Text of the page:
Studies show it is safe, but still too soon to know if it can stop people from being infected.
Since the World Health Organisation (WHO) classified COVID-19 as a pandemic on March 11, scientists around the globe have been racing to develop a vaccine to combat the virus and allow life to return to normal. Here in the UK, trials are taking place at the University of Oxford and Imperial College London, but when exactly there will be a coronavirus vaccine available in the UK remains unclear. Here’s what we know so far.
Human trials of the UK’s first vaccine for COVID-19 began towards the end of April at the University of Oxford. According to the BBC, “two volunteers were injected, the first of more than 800 people recruited for the study.” Since then, more than 10,000 volunteers – including over more than70 children, aged between five and 12 – have been enrolled in the second phase of the trial.
On July 20 it was announced that the COVID-19 vaccine being developed at University of Oxford appears to be safe and "trains" the immune system. Those participating in the trials have been found to produce antibodies that can fight COVID-19, researchers say. So while it doesn’t make you immune, it does make you more likely to be able to fight off the virus. Though a promising result, scientists have said larger trials still need to happen before the vaccine can be signed off.
The government has already signed a deal for 100 million doses of the vaccine being developed by AstraZeneca at Oxford. This is on top of a further 90 million doses that the government has invested in which are being developed by pharmaceutical companies BioNtech and Pfizer. Separately, Valneva is developing another vaccine, too. The BBC has reported that the government has invested in all three as they use different approaches: Valneva’s vaccine uses an “inactive version of coronavirus”; Oxford’s a “genetically engineered virus”; BioNtech and Pfizer’s version injects part of “coronavirus’ genetic code”.
Vaccines are still seen as the most likely way that people will be able to get "back to normal," but there’s no certainty as to whether any will work on a grand scale yet. Other places are still working on a vaccine too. On June 9, it was announced that a new round of human trials would begin at Imperial College London later that month, per the Evening Standard. The announcement revealed that the vaccine would be tested on 300 people, with a further trials planned for October that will include 6,000 people if the initial testing proves successful. On June 23, Imperial College reported that their first candidate had received a small dose of the COVID-19 vaccine and was now being monitored. On July 17 they announced that they’d be moving into their next round of trials after 15 volunteers had received doses. Next 105 participants aged 18-75 will be randomised to receive their first shot of one of three doses of the vaccine. It’s still unclear when results will be available.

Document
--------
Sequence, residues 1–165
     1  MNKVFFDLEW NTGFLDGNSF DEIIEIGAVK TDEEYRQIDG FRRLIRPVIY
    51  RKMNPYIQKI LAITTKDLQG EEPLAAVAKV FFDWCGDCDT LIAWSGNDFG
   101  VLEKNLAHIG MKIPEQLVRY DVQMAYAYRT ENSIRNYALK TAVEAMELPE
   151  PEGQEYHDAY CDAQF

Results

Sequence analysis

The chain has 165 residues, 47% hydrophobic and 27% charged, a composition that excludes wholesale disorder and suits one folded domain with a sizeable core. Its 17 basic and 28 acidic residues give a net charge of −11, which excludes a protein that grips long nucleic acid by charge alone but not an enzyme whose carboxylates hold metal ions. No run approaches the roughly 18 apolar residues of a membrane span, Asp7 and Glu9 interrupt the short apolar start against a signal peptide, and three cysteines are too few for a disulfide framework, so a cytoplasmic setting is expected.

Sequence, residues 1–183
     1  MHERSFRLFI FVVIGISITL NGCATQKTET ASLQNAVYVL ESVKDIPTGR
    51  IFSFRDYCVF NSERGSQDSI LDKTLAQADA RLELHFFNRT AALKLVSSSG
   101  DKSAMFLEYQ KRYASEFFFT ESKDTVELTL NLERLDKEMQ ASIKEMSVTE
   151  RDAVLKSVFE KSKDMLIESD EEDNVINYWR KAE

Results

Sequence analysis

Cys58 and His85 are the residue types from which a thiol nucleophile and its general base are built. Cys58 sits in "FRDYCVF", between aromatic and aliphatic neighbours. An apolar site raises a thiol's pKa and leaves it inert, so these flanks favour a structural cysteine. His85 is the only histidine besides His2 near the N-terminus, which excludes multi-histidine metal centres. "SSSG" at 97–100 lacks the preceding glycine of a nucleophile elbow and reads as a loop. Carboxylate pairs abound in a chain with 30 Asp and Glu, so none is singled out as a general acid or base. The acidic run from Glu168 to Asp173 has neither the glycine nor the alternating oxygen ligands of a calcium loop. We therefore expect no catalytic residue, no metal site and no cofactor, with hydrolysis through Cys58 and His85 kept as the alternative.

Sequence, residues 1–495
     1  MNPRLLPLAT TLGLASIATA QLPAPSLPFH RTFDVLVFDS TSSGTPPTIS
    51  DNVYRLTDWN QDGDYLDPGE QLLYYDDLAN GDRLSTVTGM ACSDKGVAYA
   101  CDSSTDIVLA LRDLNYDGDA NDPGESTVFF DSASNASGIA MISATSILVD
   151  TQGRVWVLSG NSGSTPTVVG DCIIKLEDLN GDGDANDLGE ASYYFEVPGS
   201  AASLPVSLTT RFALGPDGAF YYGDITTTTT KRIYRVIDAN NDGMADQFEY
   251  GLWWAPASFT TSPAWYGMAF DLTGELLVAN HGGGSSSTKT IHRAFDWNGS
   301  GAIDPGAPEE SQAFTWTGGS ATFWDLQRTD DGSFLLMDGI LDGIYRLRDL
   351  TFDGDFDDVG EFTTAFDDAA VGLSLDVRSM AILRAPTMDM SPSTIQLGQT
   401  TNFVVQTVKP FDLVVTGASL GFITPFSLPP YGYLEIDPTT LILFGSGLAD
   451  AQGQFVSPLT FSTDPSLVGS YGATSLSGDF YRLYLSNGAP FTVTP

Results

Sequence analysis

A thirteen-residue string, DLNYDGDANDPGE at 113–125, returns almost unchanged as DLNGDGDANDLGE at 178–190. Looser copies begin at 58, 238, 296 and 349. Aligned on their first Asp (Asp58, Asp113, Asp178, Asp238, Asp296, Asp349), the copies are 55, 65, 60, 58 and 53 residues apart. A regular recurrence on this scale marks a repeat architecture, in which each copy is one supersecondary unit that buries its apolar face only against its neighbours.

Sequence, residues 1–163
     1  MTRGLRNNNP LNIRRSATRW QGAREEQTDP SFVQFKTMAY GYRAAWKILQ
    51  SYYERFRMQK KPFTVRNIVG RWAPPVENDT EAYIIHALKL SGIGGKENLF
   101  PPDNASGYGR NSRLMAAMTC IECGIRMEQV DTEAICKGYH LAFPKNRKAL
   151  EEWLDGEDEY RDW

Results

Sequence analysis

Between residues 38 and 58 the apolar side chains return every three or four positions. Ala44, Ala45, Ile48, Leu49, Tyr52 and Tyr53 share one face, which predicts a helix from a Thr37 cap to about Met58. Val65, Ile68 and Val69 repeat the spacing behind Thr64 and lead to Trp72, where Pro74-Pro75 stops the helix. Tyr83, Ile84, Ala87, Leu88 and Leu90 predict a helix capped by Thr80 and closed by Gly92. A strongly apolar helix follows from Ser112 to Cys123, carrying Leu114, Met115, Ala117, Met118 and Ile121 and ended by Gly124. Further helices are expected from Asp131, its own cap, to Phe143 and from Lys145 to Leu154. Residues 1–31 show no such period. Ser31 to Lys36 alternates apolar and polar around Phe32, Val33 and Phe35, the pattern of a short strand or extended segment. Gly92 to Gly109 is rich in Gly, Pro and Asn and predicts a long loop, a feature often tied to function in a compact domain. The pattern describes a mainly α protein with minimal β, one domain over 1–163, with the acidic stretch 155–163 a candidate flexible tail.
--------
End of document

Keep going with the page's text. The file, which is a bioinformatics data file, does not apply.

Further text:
In a joint signed letter, European leaders including Boris Johnson have pledged to raise £6.6 billion to find a vaccine for COVID-19. The UK has pledged to give £388m in aid funding for research into tests, treatments, and vaccines – part of a £744m commitment to help end the pandemic and support the global economy.
Some scientists have suggested “deliberately infecting” those volunteering in vaccine-testing projects, which the WHO “conditionally backed” in early May. Professor Robin Shattock at Imperial, for example, has suggested using pieces of raw genetic code which, when injected into the body, should start producing viral proteins, which the immune system can “learn to fight.”
As stated in WHO guidance regarding this approach, “it could be ethically justified despite the potential dangers for participants,” per the Guardian. Such trials have been used for other viruses, including malaria and the flu. However, some UK scientists “have reacted with horror” to this proposal, on the grounds that it could “cause serious illness and possibly deaths of volunteers” infected with COVID-19.
Elsewhere, on June 24, scientists in South Africa announced they will start their first COVID-19 vaccine trials. They’re collaborating with the University of Oxford and the Oxford Jenner Institute and the vaccine being used is the same one used in the UK.
China approved early-stage human tests for two experimental coronavirus vaccines back on April 14. As CGTN reported at the time, a senior official said a vaccine for emergency use could be ready by September. However the BBC reported that a mass-produced vaccine is unlikely until 2021.
Research teams in China reportedly account for “60% of vaccine candidates in human trials,” per The Sunday Times. One vaccine, developed by Chinese biotech firm CanSino Biologics and the Beijing Institute of Biotechnology, is now firmly in its phase two trial. The results of the first phase were reported in The Lancet on May 22, which stated that “the [adenovirus five] Ad5 vectored COVID-19 vaccine was tolerable and immunogenic in healthy adults.” Adenoviruses, as explained by Live Science, are typically the cause of the common cold. The proposed vaccine “combines a weakened version of a common cold virus with genes coding for the coronavirus’ lethal weapons: its spikes.”
Sinovac Biotech has been developing a vaccine in China and Reuters reported that it will enter phase three of it’s trials later this month. China is currently behind eight of the 19 vaccine candidates in human trials.
Meanwhile, antibody tests began to be made available in England, primarily to NHS and care staff, from the end of May. There’s currently no indication as to when these antibody tests will be available to the public, although the Telegraph suggests that when they are, we could be able to pick them up for home testing via Amazon and Boots.
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